statehood against the Federation as much as against a European central bureaucracy’ (Bayernpartei 1993: 47). Due to its weak electoral support, the BP’s demands have had little impact on the strategies of other Bavarian parties, which have all endorsed federalism within Germany and Europe. 3446 Using Europe 16/4/10 12:12 Page 124 124 USING EUROPE Decentralising federalism The Christian Social Union is Germany’s staunchest advocate of securing greater regional autonomy in Europe through a process of decentralising federalism. This would allow individual regions and

in Using Europe
The ‘drift’ phenomenon in the ‘free Tibet’ and global warming campaigns

opposed constructions of reality’.1 Given this binary framing, it comes as no great shock that more than five decades of campaigning has failed to result in concessions from Beijing on the subject of Tibetan independence. While aspirations of statehood have existed in the territory since well before the Republican period, the calls of ‘free Tibet’ activists for self-​determination since the PRC’s formal takeover in 1959 have 106 106  The advocacy trap been repeatedly rebuffed and demonized by the communists as the machinations of foreign anti-​Chinese conspirators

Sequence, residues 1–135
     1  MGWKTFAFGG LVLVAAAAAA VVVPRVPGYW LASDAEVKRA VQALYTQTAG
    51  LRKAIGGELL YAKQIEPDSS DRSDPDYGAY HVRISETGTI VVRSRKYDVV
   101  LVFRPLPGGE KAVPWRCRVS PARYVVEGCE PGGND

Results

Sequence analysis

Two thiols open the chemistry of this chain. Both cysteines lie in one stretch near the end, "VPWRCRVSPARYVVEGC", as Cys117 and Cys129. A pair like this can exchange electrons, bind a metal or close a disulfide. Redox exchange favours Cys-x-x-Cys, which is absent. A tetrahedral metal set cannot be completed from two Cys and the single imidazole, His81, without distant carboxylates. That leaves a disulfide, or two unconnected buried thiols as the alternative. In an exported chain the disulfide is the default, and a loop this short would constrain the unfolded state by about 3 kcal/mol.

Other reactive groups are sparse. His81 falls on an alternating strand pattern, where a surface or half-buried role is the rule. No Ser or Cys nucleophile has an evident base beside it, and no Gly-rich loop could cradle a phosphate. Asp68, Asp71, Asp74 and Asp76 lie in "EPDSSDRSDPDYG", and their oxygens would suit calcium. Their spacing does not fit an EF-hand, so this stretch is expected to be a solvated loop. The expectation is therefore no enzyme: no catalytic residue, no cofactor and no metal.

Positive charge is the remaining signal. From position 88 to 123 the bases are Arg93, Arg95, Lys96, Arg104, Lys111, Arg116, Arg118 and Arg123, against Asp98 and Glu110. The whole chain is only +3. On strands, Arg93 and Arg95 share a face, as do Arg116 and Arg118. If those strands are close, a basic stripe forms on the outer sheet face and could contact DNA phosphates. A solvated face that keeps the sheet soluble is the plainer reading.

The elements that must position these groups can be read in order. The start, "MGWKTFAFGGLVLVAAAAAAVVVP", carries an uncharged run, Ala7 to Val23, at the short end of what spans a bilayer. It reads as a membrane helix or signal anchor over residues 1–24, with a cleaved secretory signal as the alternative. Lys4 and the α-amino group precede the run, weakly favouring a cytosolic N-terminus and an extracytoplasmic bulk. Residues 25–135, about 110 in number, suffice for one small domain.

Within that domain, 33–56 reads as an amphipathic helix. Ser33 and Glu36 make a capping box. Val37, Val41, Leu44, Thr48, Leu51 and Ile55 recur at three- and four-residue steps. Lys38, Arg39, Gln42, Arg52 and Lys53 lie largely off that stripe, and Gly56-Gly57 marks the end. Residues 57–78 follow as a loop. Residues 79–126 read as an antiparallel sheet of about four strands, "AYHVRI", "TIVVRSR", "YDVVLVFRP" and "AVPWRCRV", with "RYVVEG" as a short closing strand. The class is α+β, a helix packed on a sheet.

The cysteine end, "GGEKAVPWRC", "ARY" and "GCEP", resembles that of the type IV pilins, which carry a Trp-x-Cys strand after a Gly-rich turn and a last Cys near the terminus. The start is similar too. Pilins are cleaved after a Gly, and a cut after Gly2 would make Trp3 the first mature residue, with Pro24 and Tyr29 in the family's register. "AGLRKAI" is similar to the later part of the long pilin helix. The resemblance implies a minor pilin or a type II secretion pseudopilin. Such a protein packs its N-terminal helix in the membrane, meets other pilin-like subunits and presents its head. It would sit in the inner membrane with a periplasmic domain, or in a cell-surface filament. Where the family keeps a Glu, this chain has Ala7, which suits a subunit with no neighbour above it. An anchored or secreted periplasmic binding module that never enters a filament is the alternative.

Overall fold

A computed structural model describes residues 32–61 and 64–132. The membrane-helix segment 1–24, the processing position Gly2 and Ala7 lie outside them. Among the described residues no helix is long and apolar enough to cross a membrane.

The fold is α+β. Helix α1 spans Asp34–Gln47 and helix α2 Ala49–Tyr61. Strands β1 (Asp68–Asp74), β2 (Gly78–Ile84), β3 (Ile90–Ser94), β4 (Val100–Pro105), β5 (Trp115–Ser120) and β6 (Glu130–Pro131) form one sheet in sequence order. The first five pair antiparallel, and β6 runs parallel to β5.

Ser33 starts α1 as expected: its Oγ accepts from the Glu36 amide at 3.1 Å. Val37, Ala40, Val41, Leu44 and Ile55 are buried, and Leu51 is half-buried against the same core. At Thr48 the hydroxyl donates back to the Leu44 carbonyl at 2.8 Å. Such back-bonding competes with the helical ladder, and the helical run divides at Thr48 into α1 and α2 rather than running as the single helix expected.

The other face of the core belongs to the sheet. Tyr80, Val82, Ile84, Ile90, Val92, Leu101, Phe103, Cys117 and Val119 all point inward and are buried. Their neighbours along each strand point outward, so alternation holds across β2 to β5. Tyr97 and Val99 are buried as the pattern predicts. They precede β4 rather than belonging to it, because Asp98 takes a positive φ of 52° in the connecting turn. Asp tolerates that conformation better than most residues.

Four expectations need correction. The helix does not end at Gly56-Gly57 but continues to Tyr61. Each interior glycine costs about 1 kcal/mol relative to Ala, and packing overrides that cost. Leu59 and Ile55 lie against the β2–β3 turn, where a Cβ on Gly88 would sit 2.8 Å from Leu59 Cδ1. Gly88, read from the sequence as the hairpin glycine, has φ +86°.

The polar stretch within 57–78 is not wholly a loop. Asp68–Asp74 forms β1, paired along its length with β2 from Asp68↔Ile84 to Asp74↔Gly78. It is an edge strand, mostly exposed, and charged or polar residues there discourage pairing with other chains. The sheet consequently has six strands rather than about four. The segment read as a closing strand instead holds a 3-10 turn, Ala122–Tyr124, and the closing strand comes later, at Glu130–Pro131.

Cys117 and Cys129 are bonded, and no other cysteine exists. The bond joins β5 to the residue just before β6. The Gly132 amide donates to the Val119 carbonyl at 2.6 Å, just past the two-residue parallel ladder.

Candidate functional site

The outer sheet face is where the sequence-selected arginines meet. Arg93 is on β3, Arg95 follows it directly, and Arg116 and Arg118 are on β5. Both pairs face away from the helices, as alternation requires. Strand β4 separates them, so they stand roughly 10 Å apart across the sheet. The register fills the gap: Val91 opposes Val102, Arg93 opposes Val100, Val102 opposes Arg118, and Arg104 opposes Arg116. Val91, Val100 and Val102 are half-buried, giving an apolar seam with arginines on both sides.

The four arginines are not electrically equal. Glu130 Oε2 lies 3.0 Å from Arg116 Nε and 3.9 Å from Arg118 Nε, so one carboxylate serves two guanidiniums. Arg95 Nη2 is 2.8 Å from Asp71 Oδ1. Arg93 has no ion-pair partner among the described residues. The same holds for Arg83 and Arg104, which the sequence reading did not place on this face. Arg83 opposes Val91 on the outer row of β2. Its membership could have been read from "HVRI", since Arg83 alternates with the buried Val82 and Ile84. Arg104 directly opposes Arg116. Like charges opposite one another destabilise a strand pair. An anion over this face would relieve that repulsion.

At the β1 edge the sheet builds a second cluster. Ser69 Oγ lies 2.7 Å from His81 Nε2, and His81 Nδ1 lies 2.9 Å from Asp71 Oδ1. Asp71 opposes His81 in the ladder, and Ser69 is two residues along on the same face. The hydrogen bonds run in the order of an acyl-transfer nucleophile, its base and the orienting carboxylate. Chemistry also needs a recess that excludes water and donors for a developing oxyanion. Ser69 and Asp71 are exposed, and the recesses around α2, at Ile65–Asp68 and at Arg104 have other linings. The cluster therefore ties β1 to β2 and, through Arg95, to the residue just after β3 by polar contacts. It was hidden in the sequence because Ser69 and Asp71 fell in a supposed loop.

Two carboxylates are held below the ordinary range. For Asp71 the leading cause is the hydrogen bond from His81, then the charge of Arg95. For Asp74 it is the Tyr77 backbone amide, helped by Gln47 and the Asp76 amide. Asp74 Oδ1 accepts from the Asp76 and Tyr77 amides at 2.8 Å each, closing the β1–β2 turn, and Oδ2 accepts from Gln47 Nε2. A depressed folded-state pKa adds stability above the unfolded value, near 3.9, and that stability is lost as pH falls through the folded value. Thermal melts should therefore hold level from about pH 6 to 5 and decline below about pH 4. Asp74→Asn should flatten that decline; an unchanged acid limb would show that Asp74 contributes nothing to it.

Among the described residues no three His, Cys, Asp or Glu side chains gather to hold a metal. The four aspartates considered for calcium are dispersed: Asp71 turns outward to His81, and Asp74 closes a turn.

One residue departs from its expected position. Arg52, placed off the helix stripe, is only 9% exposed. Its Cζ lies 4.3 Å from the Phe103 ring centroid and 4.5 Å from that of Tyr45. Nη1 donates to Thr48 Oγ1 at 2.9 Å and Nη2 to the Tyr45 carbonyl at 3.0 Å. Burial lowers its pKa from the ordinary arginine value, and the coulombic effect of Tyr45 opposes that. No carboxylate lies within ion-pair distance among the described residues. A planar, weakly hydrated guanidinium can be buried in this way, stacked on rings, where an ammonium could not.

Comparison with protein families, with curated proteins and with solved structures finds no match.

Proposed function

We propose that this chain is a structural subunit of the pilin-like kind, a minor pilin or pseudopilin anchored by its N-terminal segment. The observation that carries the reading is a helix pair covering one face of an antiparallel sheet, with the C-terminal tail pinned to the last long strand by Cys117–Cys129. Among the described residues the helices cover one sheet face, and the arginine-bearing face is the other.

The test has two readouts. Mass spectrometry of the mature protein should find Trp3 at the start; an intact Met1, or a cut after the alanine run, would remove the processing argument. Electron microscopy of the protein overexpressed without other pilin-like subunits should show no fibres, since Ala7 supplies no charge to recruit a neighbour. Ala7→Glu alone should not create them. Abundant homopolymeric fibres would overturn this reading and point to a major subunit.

in The advocacy trap
State–society relations and conflict in post-socialist Transcaucasia

evolved and culturally embedded patterns of state–society relations as a key variable.1 A specific mode of state building, adapted to and shaped by a culturally mediated social structure, is analysed as a crucial precondition for the proliferation of ethnic violence. The analysis is based on five theses. Starting from the secure ground of more or less commonly accepted knowledge on conflict analysis, the chapter finishes with considerations of a rather speculative character. Owing to a lack of sufficient empirical data the chapter is confined to drawing the blueprint of an R

in Potentials of disorder

integration. It is shown that European integration has greatly influenced Scottish parties’ pursuit of constitutional autonomy and enhanced policy capacity. However, this adaptation has been neither a linear nor a homogenous process. Despite the main issues of European integration remaining constant, Scottish parties have continuously vacillated on the question of deepening economic, political and social integration, and Scotland’s role in shaping these processes. Political traditions and ideologies in Scotland Scotland is widely accepted as having distinct political

in Using Europe
The challenges of neoliberalisation

du parc social? Une approche ethnographique de la gestion des HLM. Sociologie du Travail, 55(1): 56–75. Brenner, N. (2004a). New State Spaces: Urban Governance and the Rescaling of Statehood. Oxford: Oxford University Press. Brenner, N. (2004b). Urban governance and the production of new state spaces in western Europe, 1960–2000. Review of International Political Economy, 11(3): 447–88. Brenner, N., Peck, J., and Theodore, N. (2012). Neoliberalism resurgent? Market rule after the Great Recession. South Atlantic Quarterly, 111(2): 265–88. Brunet, J.-P. (1981). Un

in Western capitalism in transition